Henry Creel Has Dr. Manhattan Parallels (& Stranger Things Wants You To Know)

Warning: This article contains spoilers for Stranger Things season 4, volume 1.

The Stranger Things villain Vecna - aka Henry Creel - has uncanny parallels to Dr. Manhattan from Watchmen. Netflix's biggest TV show, Stranger Things has always been quite open about its tendency to draw inspiration from superhero comics. The very first episode saw Will and Dustin race for a copy of Uncanny X-Men #134, while Eleven (or "Jane") is conceptually very similar to the X-Men's Jean Grey.

Vecna, the villain of Stranger Things season 4, doesn't really have a direct parallel. But attentive viewers noticed a curious detail that seemed to point to another superhero franchise - Alan Moore's Watchmen. Vecna's visions often include a haunting image of a grandfather clock, and he seems strangely - and, as yet, inexplicably - obsessed with the passage of time. In Watchmen, the ticking of a clock is strongly associated with Dr. Manhattan, the most godlike of all Moore's superheroes. This is tied to Doctor Manhattan's origin story, when he accidentally left his wristwatch behind in an intrinsic field laboratory, and was trapped in the experiment when he went to retrieve it.

Related: Why Eleven Doesn't Have Her Powers In Stranger Things Season 4

But the nods to Doctor Manhattan aren't just Easter eggs in Stranger Things season 4 volume 1. On close examination, they play an important role in the story, with the show deliberately striking parallels between the character and Vecna. These references may well serve to hint at Vecna's arc when Strange Things season 4, volume 2 releases.

Vecna's backstory is revealed in Stranger Things season 4, episode 7, which features an extended sequence in which Vecna tells Nancy his origin story even as Eleven gains her repressed memories. Venca is actually Henry Creel, born with apparently natural psychic powers of telepathy, telekinesis, and illusion-casting. He became Dr. Brenner's "Number One," with the U.S. government's MK Ultra program working to replicate Creel's powers when they realized he could not be relied upon. Number One's powers were inhibited for some years, until Eleven unwittingly freed him. He went on a bloody rampage through Hawkins Lab, slaughtering the other children until he and Eleven faced off against one another in a telekinetic duel that she eventually won. This conflict tore apart the fabric of reality itself, and Number One was blasted into the Upside Down, his body ravaged by the multiversal energies he was exposed to.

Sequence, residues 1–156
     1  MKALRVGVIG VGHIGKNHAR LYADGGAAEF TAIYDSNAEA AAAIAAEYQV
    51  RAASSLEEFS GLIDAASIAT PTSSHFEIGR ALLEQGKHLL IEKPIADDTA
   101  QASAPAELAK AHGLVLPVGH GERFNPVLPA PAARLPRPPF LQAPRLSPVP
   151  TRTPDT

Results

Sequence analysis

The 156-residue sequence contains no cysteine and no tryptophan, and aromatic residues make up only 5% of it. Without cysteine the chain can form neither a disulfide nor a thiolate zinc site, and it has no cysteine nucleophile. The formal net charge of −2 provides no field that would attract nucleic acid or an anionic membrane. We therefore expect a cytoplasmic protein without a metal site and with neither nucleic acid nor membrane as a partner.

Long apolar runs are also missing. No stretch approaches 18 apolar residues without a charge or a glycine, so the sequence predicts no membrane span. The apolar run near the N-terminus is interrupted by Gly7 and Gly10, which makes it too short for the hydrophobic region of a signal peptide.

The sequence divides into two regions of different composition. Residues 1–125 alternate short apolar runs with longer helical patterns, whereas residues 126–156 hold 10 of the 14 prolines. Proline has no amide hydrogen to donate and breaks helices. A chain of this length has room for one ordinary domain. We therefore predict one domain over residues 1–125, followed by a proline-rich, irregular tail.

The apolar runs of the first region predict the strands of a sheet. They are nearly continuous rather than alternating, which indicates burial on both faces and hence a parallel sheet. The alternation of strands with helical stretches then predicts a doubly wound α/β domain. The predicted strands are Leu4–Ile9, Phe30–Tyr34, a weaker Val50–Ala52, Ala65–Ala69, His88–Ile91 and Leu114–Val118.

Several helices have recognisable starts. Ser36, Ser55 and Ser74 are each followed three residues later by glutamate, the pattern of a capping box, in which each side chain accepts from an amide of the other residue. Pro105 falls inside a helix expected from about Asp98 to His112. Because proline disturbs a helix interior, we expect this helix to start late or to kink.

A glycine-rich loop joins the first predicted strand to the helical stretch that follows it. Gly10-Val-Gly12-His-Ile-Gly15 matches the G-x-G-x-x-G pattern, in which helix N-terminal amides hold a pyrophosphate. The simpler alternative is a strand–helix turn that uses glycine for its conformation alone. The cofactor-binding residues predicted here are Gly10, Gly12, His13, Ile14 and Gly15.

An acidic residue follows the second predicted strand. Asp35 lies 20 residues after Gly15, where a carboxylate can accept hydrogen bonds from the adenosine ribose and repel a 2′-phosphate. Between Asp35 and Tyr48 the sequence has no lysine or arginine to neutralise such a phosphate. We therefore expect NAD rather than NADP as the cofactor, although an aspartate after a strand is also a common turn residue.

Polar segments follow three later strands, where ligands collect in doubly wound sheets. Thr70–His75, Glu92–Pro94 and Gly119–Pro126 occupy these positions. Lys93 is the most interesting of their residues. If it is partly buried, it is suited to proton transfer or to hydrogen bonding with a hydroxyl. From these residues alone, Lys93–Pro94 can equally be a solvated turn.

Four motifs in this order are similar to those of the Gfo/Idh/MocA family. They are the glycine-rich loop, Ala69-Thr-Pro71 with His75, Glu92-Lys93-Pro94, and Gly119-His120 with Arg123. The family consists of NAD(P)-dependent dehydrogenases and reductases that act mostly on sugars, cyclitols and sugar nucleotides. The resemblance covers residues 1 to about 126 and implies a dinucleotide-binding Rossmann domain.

The revelations are chilling, setting Vecna up to be a classic mirror-image villain of Eleven. Curiously, though, the scenes deliberately parallel Doctor Manhattan's flashback origin story in Zack Snyder's 2009 adaptation of Watchmen. The two sequences are even set to the same music, underlining the fact this is intentional and not accidental. Both characters are introduced in the year 1959 - that's the year Creel and his family move to Hawkins, and it's the same year Doctor Manhattan gains his powers. Doctor Manhattan decorates his forehead with the symbol for hydrogen, which has an atomic mass of one. And both flashbacks end with their central characters exposed to flares of lightning that physically transform them.